You probably picture a bottle of bourbon whiskey with a proud or slightly irate buffalo on the label when you hear the word "Buffalo Trace". However, Buffalo Trace is more than just a bottle in the world of bourbon. The history of Buffalo Trace, formerly known as Old Fire Copper Distillery, is essentially the history of American bourbon. The company has undergone multiple name changes, a disastrous lightning strike, a devastating flood, that little Prohibition glitch, and even an improbable battle with vodka and gin in the 1970s and 80s. However, the brand is still alive and well. Here are ten Buffalo Trace bourbon facts you should think about the next time you pour a drink:
Buffalo Trace is a Thing
Over the years, the distillery went by various names. The Old Fire Copper Distillery was the first. After its second owner, George T. Stagg, the company was thereafter and for the longest time known as George T. Stagg Company. In 1999, it was definitively and permanently renamed Buffalo Trace. The name pays homage to historic neighborhood "buffalo traces," which were made by buffalo roaming the primitive American woods. The link to distilling goes beyond geography Those traces served as vital trade routes for early American explorers, settlers, farmers, and other professionals.
Buffalo Trace Distillery – A National Historic Landmark
The fact that Buffalo Trace is America's oldest continually running distillery played a significant role in its designation as a National Historic Landmark in 2013. According to Buffalo Trace's own award proposal, it is in fact "a unique, intact example of a distillery operating before, through, and after Prohibition."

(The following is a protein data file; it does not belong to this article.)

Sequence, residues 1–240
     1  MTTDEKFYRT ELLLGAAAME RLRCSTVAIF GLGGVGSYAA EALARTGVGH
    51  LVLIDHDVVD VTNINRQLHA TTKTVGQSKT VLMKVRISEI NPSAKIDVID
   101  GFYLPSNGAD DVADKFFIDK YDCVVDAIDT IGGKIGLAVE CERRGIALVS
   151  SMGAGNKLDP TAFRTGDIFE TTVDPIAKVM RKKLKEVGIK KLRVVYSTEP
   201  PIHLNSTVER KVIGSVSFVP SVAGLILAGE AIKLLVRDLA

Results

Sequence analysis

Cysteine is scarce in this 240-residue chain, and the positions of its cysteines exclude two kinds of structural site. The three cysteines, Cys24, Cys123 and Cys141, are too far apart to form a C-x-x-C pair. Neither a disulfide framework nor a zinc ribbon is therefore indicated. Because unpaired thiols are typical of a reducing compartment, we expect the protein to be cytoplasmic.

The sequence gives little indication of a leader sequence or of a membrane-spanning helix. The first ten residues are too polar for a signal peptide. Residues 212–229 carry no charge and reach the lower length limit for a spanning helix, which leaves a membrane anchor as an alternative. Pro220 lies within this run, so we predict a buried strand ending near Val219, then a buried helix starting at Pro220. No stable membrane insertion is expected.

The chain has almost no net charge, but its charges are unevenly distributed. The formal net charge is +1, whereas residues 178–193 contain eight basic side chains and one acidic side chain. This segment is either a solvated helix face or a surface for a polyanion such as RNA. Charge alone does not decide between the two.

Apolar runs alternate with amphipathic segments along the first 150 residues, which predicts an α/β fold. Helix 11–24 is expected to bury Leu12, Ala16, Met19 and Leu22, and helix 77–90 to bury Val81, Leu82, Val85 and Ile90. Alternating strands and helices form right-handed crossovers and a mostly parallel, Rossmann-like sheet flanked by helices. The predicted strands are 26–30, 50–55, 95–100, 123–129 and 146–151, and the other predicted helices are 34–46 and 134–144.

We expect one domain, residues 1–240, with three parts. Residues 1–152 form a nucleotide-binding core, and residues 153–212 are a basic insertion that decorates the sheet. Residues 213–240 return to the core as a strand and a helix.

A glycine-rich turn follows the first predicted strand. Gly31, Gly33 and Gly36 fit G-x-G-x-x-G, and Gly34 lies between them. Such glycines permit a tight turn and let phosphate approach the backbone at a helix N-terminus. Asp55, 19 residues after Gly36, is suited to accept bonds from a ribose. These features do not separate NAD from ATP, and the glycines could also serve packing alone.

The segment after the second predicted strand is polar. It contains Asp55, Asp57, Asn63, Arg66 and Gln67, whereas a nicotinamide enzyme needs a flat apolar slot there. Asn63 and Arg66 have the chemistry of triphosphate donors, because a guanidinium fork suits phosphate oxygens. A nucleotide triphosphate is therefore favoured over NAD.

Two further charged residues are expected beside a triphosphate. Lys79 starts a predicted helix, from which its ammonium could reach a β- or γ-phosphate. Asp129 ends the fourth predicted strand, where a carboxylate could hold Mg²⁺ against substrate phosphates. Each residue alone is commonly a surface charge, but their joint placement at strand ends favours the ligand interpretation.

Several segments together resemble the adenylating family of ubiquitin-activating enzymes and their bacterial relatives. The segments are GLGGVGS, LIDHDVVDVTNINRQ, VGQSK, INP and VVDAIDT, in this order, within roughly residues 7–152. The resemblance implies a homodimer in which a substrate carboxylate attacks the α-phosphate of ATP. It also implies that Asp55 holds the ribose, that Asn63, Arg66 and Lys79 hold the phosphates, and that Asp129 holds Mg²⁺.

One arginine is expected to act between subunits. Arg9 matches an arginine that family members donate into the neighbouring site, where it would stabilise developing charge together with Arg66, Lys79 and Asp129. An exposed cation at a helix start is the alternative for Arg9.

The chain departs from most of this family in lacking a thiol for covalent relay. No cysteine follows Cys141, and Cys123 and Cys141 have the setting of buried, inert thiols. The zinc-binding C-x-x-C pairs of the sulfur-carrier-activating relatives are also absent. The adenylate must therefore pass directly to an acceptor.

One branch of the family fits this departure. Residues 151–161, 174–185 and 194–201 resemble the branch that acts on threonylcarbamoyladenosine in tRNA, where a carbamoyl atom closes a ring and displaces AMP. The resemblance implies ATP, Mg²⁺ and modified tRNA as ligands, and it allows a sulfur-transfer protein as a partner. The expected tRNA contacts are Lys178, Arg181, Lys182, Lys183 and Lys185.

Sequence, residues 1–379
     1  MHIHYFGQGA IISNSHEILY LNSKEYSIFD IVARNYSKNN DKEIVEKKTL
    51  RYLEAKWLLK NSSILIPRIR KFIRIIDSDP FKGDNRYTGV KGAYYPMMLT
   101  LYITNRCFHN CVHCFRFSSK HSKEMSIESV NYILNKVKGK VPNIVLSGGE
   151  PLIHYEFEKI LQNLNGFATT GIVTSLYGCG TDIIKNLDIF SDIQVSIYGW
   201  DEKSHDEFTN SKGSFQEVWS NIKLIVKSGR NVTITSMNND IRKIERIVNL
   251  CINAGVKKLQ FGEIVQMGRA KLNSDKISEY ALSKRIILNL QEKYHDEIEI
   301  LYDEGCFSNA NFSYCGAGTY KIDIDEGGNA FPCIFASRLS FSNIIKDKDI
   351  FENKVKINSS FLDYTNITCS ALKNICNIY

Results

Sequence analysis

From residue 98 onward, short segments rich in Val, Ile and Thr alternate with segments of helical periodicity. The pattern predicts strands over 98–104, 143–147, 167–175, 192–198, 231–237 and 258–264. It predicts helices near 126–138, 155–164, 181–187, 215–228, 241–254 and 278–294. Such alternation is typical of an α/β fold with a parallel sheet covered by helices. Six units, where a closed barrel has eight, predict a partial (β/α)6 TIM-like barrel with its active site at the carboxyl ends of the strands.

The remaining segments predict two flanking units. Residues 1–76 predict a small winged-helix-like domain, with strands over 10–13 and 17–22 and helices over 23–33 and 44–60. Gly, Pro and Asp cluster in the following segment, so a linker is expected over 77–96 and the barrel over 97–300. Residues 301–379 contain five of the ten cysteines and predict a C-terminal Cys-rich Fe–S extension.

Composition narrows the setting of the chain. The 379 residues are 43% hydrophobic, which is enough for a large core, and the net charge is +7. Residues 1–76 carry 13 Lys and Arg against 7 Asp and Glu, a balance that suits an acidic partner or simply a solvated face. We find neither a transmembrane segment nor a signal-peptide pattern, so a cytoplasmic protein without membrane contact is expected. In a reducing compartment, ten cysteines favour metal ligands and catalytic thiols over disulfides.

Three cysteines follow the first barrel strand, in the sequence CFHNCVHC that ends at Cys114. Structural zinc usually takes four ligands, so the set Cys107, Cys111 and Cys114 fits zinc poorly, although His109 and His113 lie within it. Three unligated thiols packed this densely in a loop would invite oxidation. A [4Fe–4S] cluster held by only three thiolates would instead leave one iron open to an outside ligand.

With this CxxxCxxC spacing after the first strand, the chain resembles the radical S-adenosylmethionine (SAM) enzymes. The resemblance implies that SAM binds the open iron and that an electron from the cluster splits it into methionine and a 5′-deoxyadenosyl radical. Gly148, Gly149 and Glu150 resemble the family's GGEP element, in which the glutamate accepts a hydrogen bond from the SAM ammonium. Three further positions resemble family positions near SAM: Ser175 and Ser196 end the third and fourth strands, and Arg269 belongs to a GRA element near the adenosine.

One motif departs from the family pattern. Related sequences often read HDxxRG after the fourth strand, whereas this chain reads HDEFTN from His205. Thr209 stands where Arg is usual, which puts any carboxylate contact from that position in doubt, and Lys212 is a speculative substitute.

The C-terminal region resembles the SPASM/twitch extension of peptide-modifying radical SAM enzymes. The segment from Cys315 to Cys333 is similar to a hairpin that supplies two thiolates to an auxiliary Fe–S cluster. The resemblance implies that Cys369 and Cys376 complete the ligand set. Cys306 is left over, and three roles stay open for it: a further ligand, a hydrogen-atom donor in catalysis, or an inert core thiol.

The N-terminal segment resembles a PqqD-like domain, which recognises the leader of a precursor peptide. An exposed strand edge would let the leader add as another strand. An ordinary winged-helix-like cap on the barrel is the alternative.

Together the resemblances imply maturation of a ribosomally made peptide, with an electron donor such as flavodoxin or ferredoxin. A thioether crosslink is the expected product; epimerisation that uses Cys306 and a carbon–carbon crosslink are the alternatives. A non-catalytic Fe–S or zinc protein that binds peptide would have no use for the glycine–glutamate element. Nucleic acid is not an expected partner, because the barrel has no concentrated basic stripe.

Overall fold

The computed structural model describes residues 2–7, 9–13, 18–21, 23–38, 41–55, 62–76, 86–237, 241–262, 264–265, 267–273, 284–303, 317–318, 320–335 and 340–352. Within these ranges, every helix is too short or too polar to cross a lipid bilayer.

Head Honchos of Buffalo Trace Were Bourbon Heavy Hitters
The ancestry of Buffalo Trace is like a who's who of bourbon: Colonel E. H. Taylor, the distillery's founder and a direct descendant of Presidents Madison and Taylor, George Stagg, the business-savvy bourbon pioneer for whom the distillery bore its name for about a century. Albert B. Blanton, who maintained the distillery's operations during Prohibition and was largely responsible for turning the distillery into a center of bourbon culture, and even Pappy Van Winkle himself.
Bourbon Reinvented by First-Ever Master Distiller of Buffalo Trace
Elmer T. Lee is one of the most significant names on the Buffalo Trace roster. Buffalo Trace nearly passed over hiring him (see below). It did, and as a result, Lee, the first master distiller of bourbon, essentially brought the spirit back to life (his New York Times obit gives a hint of the glint of his bourbon star power). To cut a long story short, Lee grew up working in a distillery when bourbon was in bad shape.
Lee was declined when he initially applied to work at Buffalo Trace. He ultimately became the distillery's first master distiller thanks to better judgment. He not only worked at the distillery from 1949 until his retirement in 1985, but he also essentially saved the bourbon business. Also, there is an Elmer T. Lee bourbon, so you can theoretically toast him with any of the delectable handmade bourbons he helped create.